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it was just supposed to be larry kudlow and steven mnuchin, and the president dropped in, talked to the executives, heard the case they have made to wilbur ross before. he agreed to speed up the process. interestingly, we heard today from wilbur ross that it is not a piece of cake to go through a bunch of exclusion requests or license requests and hand them out. he was kind of walking back a little bit the optimism we heard coming out of the meeting from larry kudlow and yesterday, the white house spokesman. the president agreed to speed to that -- it up. it is not that easy. the readout is that it was a positive meeting. it was not just about huawei, but the huawei issue clearly was discussed and executives came away on a positive note thinking they could maybe thread the needle and figure out a way to keep selling their products to huawei that do not impact u.s. national security.
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emily: meantime, we did speak to commerce secretary wilbur ross earlier today. take a listen. secretary ross: in some cases, the applications have just been filed. a few of them have said they haven't gotten their applications in yet. we will deal with them promptly. there are 50 some applications from around 35 companies that have been received. within the next couple of weeks, we expect to have verdicts. emily: does this mean that the white house is listening? tom: it is definitely paying attention. how quick is quick? and what constitutes a national security threat? that is the question i have. i know a lot of the tech companies want to know. does my product give huawei an advantage and enable huawei to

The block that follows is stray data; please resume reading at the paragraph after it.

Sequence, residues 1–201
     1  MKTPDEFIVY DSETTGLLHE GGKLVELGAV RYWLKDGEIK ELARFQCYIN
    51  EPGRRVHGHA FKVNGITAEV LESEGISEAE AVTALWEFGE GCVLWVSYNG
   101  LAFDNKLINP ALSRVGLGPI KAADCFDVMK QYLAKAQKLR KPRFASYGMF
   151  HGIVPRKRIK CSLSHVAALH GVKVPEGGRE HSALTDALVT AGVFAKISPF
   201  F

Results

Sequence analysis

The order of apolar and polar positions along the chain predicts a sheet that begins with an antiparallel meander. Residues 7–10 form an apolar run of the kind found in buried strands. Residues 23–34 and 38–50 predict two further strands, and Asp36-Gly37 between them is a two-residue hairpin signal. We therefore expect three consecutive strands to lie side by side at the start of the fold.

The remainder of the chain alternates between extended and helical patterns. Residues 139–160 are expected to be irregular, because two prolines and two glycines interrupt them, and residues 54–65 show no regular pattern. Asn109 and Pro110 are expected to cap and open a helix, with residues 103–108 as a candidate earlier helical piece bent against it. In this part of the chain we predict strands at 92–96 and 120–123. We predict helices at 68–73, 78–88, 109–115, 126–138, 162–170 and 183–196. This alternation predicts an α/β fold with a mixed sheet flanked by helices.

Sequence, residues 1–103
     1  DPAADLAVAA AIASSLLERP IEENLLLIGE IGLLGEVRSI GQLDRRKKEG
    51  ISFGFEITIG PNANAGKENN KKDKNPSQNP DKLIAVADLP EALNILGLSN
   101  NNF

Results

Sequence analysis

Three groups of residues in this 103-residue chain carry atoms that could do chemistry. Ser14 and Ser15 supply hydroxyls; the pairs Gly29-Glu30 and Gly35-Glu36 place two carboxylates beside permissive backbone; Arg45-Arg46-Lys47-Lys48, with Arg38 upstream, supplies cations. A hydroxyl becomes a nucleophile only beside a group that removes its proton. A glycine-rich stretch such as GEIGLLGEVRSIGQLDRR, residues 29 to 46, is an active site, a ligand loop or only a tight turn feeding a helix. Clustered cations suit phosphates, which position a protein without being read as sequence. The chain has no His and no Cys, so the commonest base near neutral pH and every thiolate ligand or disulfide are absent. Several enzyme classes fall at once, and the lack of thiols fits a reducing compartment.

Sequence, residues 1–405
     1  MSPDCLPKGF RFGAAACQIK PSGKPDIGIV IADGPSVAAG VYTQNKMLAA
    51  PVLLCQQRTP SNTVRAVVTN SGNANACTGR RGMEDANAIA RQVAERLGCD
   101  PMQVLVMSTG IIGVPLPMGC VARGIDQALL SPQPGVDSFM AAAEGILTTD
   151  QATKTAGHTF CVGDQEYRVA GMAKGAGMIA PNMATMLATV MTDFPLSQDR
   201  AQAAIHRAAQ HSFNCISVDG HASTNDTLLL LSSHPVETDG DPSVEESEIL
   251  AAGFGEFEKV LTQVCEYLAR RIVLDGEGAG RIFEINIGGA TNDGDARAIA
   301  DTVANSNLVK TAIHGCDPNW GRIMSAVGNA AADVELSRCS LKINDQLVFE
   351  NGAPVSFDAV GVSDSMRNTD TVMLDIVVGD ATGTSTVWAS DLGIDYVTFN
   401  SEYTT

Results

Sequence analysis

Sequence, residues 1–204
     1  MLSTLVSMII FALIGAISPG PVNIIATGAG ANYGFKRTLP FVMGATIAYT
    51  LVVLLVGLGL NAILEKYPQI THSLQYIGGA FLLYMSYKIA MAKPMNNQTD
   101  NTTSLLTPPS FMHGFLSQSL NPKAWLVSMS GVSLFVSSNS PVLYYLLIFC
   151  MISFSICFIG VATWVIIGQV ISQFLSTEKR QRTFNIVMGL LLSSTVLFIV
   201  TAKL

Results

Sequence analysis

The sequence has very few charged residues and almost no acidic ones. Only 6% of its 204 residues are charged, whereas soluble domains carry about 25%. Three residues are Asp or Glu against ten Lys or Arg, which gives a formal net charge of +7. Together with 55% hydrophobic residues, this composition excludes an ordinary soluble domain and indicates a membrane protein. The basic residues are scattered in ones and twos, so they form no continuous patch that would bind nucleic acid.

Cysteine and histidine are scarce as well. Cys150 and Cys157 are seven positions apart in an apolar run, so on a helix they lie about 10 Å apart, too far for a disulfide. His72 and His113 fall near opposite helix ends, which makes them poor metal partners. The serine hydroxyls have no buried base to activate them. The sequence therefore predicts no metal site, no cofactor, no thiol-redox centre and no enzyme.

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circumvent some rules? that is the question that the tech companies are still trying to ascertain. i think we will get more clarity once they start filtering through these applications which, as kudlow said, are more voluminous than expected. emily: major moves in the chip industry. mark, you have been reporting on apple's interest to purchase a ship unit from intel. -- chipunit from intel unit from intel to bring more of its chips in-house. mark: the latest news is apple is in discussions with intel to acquire its modem team. modem are the chips inside of phones that connected to the data, so you can use it not on wi-fi. it is arguably the most important part of any phone, many tablets, smart watch.
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i'm sure laptops in the future as well. this would allow apple to have more engineers which would jumpstart their efforts to build a modem for new iphones and basically cut qualcomm and other suppliers out of the equation for that really key device. they: we will be beating drum until that meeting next week. mark gurman, tom giles, jenny leonard, thank you all. snapchat's growth accelerated in the second quarter. details on the latest earnings report, next. this is bloomberg. ♪